Clio Bernard is not exactly the most prolific of directors. Her last outing, Dark River, was released in 2017 – and we have to go all the way back to 2013 for The Selfish Giant. Her films are essentially evocations of working class life that might, initially, appear slight, but which are cleverly nuanced. Her characters are never allowed to be stereotypes; indeed, at times they are positively surprising.
Ali & Ava sits happily with her former endeavours: gentle, essentially heartwarming – but with hidden depths.
The setting is the multi-cultural hub of Bradford and, when we first meet Ali (Adeel Ahktar), he’s standing on the roof of his car, dancing to the techno-music blasting from his headphones. Ali is an affable fellow, a landlord of sorts,. He’s hyperactive (and probably somewhere on the autistic spectrum) and has a passion for listening to (and making) music. Meanwhile, he collects the various rents he’s owed, looks after his extended family and tries to come to terms with the fact that his wife, Runa (Ellora Torchia), after the death of their first child, has fallen out of love with him and is ready to move on with her life.
He has accepted this, but steadfastly refuses to announce the change to the rest of his family.
Ava (Claire Rushbrook) works as a teaching assistant at the local primary school. After the death of her Irish Catholic husband, she has devoted her life to her children and grandchildren. Her youngest son, Callum (Shaun Thomas), already a father himself, is still mourning the passing of the dad he idolised, even though his parents’ marriage was hardly a blissful union. Indeed, Ava chose to leave her husband because of his regular physical abuse of her.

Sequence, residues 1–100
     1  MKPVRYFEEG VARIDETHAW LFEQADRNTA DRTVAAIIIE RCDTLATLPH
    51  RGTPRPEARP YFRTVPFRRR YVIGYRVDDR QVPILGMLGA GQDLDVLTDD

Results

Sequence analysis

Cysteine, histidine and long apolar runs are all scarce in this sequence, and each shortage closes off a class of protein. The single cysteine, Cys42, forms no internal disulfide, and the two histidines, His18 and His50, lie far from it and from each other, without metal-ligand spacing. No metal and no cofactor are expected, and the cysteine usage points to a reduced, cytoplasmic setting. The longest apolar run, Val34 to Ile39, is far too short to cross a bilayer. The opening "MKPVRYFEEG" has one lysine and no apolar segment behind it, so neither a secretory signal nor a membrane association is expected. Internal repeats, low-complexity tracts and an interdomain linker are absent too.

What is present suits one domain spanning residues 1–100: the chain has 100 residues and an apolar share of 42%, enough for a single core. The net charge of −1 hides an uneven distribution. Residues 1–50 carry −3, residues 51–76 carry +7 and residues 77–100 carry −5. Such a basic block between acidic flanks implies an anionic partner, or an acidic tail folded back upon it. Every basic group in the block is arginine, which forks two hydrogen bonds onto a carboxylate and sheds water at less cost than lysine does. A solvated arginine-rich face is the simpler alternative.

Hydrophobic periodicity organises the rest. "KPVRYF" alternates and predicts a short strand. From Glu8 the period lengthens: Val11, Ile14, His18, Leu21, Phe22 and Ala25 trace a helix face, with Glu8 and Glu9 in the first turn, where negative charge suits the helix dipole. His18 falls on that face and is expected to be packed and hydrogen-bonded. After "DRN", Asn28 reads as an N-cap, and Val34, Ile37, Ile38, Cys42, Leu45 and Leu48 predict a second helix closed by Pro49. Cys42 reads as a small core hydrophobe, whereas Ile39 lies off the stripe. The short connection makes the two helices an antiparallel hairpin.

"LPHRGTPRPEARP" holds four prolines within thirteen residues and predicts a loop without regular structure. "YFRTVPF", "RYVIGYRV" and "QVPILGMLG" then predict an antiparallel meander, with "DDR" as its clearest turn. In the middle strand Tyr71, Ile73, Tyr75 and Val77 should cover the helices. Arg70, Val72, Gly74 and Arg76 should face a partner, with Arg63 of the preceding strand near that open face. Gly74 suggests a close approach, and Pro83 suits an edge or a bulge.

Inevitably, Ali and Ava fall into each other’s orbits and, as their friendship deepens and blossoms into something more serious, so their lives become ever more difficult. Callum is immediately hostile to Ali, seeing him as an intruder, and it seems that everything the couple attempt together is subject to unsympathetic scrutiny from those around them.
In the midst of this hard-scrabble existence, Barnard manages to conjure moments of real beauty: fireworks blossoming silently above the rooftops of the city; children parading through the streets with coloured lights. There’s a joyful moment where Ali’s boundless enthusiasm manages to turn a potentially nasty situation into an uninhibited dance in the middle of a dodgy estate. Barnard draws intriguing comparisons between Ali in one of his music-fuelled trances and a little girl at the primary school, who is happy to clamber to the top of a climbing frame, but afraid to descend.
Ali & Ava isn’t exactly a blockbuster but, in its quiet, assured way, it’s worthy of attention – and further confirmation that Barnard is a director with a rare talent for realistic drama.